- Research article
- Open Access
- Open Peer Review
This article has Open Peer Review reports available.
In vitro antibacterial activity of selected medicinal plants traditionally used in Vietnam against human pathogenic bacteria
© Vu et al. 2016
Received: 19 August 2015
Accepted: 21 January 2016
Published: 27 January 2016
Medicinal plants are widely used for the treatment of different infectious diseases. Infectious diseases caused by bacteria have a large impact on public health. This study aimed to determine the in vitro antibacterial activity of the medicinal plants traditionally used in Vietnam against the bacterial strains associated with infectious diseases.
Methanol extracts of twelve Vietnamese medicinal plants were tested for their antibacterial activity against five bacterial species including Gram-positive bacteria (Bacillus cereus, Bacillus subtilis, and Staphylococcus aureus) and Gram-negative bacteria (Escherichia coli and Pseudomonas aeruginosa) using the broth microdilution method.
All the plant extracts showed antibacterial activity, especially against Gram-positive bacteria (Bacillus cereus, Bacillus subtilis, and Staphylococcus aureus). Baeckea frutescens extract revealed a potent activity against the Gram-positive bacteria with the minimum inhibitory concentration (MIC) and minimum bactericidal concentration (MBC) of 62.5 μg/ml. High activity against all the three Gram-positive bacteria was also observed for the extracts of Cratoxylum formosum ssp. pruniflorum, Pogostemon cablin, and Pedilanthus tithymaloides with MICs of 125, 125 and 250 μg/ml and MBCs of 125–250, 125–250 and 250–500 μg/ml, respectively. The extracts of C. formosum ssp. pruniflorum and P. tithymaloides showed a broad-spectrum antibacterial activity against all the bacteria tested with the MICs of 125–2,000 μg/ml.
This study indicates clear evidence supporting the traditional use of the plants in treating infectious diseases related to bacteria. In particular, these plant species showed moderate to high antibacterial activity against the Gram-positive bacteria tested.
Since the mid-1970s, the emergence of a number of new pathogens and reemergence of older diseases has highlighted the fact that, contrary to expectations, epidemics of infectious disease remain a problem of public health concern . Infectious diseases remain the largest global cause of death [1, 2]. They account for approximately one-half of all the deaths in tropical countries . Many of these diseases are difficult to treat or have no specific effective therapy available. For most of these diseases, no vaccines are available . Infectious diseases caused by bacteria have a large impact on public health [3, 4]. In recent years, the emergence of antibiotic resistance and the failure of chemotherapy are increasing . Therefore, nowadays, the discovery of new natural antibacterial agents for treating infectious diseases is essential to prevent the spread of diseases and improve their treatment.
Similar to microorganisms, plants are a biologically and chemically diverse resource. It is estimated that there are 250,000 to 500,000 species of plants on the Earth . Plants have been used as traditional medicines for the treatment of various diseases throughout most of human history. The use of plant extracts as medicinal treatments gained popularity in the late 1990s . Plants are still an important source of medicines, especially in developing countries where the plant-based traditional medicines are still used to meet the health-care needs .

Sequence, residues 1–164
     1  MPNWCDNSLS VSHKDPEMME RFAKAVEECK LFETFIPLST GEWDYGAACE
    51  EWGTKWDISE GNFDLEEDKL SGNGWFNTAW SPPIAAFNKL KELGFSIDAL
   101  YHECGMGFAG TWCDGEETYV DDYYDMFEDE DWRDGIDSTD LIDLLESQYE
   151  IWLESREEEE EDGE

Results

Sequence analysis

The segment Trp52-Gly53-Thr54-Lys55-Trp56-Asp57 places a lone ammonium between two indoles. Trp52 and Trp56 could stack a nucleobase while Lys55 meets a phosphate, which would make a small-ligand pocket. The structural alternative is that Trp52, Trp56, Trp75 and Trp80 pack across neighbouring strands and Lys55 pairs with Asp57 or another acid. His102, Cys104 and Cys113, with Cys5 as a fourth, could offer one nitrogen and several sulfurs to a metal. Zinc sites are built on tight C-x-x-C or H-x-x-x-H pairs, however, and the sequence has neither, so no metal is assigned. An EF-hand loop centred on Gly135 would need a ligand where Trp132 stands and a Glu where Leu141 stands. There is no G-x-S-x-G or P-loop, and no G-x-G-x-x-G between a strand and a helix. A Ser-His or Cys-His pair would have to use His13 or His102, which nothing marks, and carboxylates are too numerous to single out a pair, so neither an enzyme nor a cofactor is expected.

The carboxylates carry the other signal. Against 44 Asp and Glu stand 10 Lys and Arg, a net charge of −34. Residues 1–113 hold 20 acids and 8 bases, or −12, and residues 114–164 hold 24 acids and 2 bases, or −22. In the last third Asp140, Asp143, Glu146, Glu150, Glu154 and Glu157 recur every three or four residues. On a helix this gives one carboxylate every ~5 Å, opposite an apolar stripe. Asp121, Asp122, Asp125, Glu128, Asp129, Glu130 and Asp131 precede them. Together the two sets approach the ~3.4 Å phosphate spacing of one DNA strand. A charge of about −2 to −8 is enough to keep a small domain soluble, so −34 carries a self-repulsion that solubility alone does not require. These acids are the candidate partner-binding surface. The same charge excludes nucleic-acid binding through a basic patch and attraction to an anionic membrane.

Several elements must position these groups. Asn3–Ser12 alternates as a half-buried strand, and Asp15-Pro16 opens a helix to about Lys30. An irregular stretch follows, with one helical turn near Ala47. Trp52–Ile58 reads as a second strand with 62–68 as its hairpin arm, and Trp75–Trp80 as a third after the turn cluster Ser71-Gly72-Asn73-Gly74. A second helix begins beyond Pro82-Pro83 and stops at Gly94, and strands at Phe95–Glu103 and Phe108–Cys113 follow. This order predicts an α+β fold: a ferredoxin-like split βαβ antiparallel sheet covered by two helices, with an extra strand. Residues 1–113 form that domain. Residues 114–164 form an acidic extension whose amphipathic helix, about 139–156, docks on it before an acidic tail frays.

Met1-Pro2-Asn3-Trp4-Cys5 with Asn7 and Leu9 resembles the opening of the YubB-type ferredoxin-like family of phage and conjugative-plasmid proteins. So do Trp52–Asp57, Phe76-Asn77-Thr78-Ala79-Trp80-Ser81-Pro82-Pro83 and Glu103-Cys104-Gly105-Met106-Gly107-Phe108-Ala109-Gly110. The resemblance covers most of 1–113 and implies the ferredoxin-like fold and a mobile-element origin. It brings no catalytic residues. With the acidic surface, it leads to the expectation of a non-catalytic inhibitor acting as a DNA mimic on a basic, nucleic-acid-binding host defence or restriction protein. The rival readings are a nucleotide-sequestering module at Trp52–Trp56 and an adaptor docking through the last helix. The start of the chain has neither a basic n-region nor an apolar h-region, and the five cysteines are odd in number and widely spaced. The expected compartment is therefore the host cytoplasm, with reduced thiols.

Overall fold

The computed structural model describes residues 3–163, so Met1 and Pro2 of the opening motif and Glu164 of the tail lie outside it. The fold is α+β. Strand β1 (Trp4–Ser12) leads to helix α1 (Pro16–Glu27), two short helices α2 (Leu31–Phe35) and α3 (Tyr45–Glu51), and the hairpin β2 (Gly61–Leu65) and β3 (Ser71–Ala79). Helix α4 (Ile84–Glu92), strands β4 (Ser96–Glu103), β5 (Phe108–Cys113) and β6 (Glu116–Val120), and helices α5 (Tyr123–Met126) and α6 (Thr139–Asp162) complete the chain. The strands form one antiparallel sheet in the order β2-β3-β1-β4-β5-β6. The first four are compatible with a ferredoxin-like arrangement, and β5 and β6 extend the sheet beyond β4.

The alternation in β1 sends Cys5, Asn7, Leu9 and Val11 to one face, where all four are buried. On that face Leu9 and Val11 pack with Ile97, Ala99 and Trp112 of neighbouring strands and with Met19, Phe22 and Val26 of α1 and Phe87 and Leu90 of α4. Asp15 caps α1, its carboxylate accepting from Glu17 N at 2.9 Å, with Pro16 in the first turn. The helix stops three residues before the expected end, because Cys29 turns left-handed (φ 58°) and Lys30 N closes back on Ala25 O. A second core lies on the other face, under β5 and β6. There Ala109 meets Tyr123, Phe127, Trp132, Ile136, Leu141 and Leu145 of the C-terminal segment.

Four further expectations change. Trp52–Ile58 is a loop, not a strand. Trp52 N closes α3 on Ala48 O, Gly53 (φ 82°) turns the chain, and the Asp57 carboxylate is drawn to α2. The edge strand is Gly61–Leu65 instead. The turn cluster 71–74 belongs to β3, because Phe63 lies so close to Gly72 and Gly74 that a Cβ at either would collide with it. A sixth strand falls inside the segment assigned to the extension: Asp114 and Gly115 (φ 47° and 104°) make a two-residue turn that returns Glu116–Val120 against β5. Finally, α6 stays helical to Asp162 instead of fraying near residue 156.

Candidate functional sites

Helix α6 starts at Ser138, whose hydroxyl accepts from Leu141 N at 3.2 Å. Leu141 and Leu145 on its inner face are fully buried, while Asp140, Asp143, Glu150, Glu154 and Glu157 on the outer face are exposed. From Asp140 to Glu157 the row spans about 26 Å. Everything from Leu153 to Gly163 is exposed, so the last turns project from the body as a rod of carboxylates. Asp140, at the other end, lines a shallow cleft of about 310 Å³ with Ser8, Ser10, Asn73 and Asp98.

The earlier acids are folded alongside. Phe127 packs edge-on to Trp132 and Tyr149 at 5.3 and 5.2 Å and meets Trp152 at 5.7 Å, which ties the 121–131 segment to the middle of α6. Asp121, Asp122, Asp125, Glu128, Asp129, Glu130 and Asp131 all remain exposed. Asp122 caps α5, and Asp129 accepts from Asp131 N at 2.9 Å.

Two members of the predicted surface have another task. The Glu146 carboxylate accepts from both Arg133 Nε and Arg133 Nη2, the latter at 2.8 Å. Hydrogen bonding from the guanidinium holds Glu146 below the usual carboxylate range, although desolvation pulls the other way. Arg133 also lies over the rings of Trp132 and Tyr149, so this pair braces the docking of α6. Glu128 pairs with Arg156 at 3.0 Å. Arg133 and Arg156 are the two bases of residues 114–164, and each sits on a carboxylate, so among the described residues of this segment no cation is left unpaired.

Despite the recent interest in drug discovery using molecular modeling, combinatorial chemistry, and other synthetic chemistry methods, natural product-derived compounds are still proving to be an invaluable source of medicines for humans . Several recent studies have shown the increased interest in plant materials for their diverse pharmacological and biological properties including antibacterial activity [2, 9–12].
Selected Vietnamese medicinal plants used for treatment of infectious diseases
Plant species (family); Voucher number/place of collection
Traditional uses 
Previous reports on antibacterial activities
Aglaia odorata Lour. (Meliaceae); THTV2/Ha Tay
Fever, jaundice, asthma, scabies
Stem oil and ethanolic extract: Bc, Sa .
Baeckea frutescens L. (Myrtaceae); THT136/Thua Thien Hue
Influenza, indigestion, sores, menstrual irregularities
Cannabis sativa L. (Cannabaceae); THT26/Lam Dong
Top with flowers and fruits
Pain killers, antiseptic, burn treatments
Cassytha filiformis L. (Lauraceae); TH107/Thua Thien Hue
Cough, fever, tonic medicine, blood purification, gonorrhea
Methanolic extract of aerial part: Ec, Pa .
Cinnamomum camphora (L.) J. Presl (Lauraceae); 445/Ha Tay
Wood, leaves, roots
Abdominal pain, anticeptic, antiinflammatory
Camphor-a major component of essential oil: biological properties .
Citrus grandis (L.) Osbeck (Rutaceae); 608/Vinh Phuc
Leaves, fruit peel
Influenza, headache, abdominal pain, cough, indigestion
Clematis vitalba L. (Ranunculaceae); BTC10/Gia Lai
Stem and roots
Indigestion, diuretic, galactagogue
Cratoxylum formosum subsp. pruniflorum (Kurz) Gogelein (Clusiaceae); THT190/Cao Bang
Aid digestion, ailment
Isolated compounds from roots and barks: Bs, Sa, Pa, Sf, St, Ss .
Euphorbia hirta L. (Euphorbiaceae); THT19/Ha Noi
Cỏ sữa lá lớn
Pedilanthus tithymaloides (L.) Poit (Euphorbiaceae); BTC40/Ha Noi
Pluchea indica (L.) Less. (Compositae); THTV3/Ha Noi
Leaves, shoots, and roots
Fever, influenza, dysentery, aid digestion
Pogostemon cablin (Blanco) Benth. (Lamiaceae); THT20/Ha Tay
Leaves and twigs
Influenza, headache, aid digestion
Plant materials and extraction
The plants were collected from different locations in Vietnam between March and October 2012. The collected species were authenticated by Associate Prof. Vu, Xuan Phuong, Dr. Tran, The Bach, and Dr. Nguyen, The Cuong from Institute of Ecology and Biological Resources, Vietnam. Voucher specimens of the plants were deposited in the Herbarium of the Department of Phytochemistry and Research and Development Center of Bioactive Compounds, Vietnam Institute of Industrial Chemistry (VIIC). The collected plant materials were air-dried and finely powdered using a blender. To prepare methanol extracts of the plant materials, 10 g of each powdered plant material was extracted twice with 100 ml of methanol for 48 h at room temperature. The extracted suspensions were filtered through Whatman No. 1 filter paper, and the filtrates were concentrated to dryness using a rotary evaporator, and then stored at −20 °C until further use. For the antibacterial activity assays, the extracts were dissolved in dimethyl sulfoxide (DMSO) at a concentration of 100 mg/ml and stored at 4 °C as stock solutions.